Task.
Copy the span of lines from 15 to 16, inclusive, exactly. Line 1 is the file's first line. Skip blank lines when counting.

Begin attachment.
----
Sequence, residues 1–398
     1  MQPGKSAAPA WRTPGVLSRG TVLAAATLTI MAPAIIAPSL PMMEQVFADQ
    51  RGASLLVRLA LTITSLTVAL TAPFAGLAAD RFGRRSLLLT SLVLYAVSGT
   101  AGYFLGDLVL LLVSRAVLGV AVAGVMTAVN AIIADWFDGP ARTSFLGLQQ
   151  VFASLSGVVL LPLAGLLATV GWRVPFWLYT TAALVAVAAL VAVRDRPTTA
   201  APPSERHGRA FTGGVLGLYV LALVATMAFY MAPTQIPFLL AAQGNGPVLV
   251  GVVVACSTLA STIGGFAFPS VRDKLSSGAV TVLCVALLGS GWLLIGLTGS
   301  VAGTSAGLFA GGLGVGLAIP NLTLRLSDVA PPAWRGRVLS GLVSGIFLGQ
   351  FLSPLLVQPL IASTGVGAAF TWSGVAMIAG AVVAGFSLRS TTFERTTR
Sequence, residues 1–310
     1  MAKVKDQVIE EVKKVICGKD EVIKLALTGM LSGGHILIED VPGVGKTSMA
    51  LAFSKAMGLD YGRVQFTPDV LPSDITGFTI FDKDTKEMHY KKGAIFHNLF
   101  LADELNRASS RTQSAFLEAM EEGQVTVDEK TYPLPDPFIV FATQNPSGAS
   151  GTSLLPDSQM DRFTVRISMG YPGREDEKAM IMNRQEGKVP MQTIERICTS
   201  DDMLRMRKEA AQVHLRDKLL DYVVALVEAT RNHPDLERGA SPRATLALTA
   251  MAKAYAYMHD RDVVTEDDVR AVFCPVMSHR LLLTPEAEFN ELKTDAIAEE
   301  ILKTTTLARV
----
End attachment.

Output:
   201  DDMLRMRKEA AQVHLRDKLL DYVVALVEAT RNHPDLERGA SPRATLALTA
   251  MAKAYAYMHD RDVVTEDDVR AVFCPVMSHR LLLTPEAEFN ELKTDAIAEE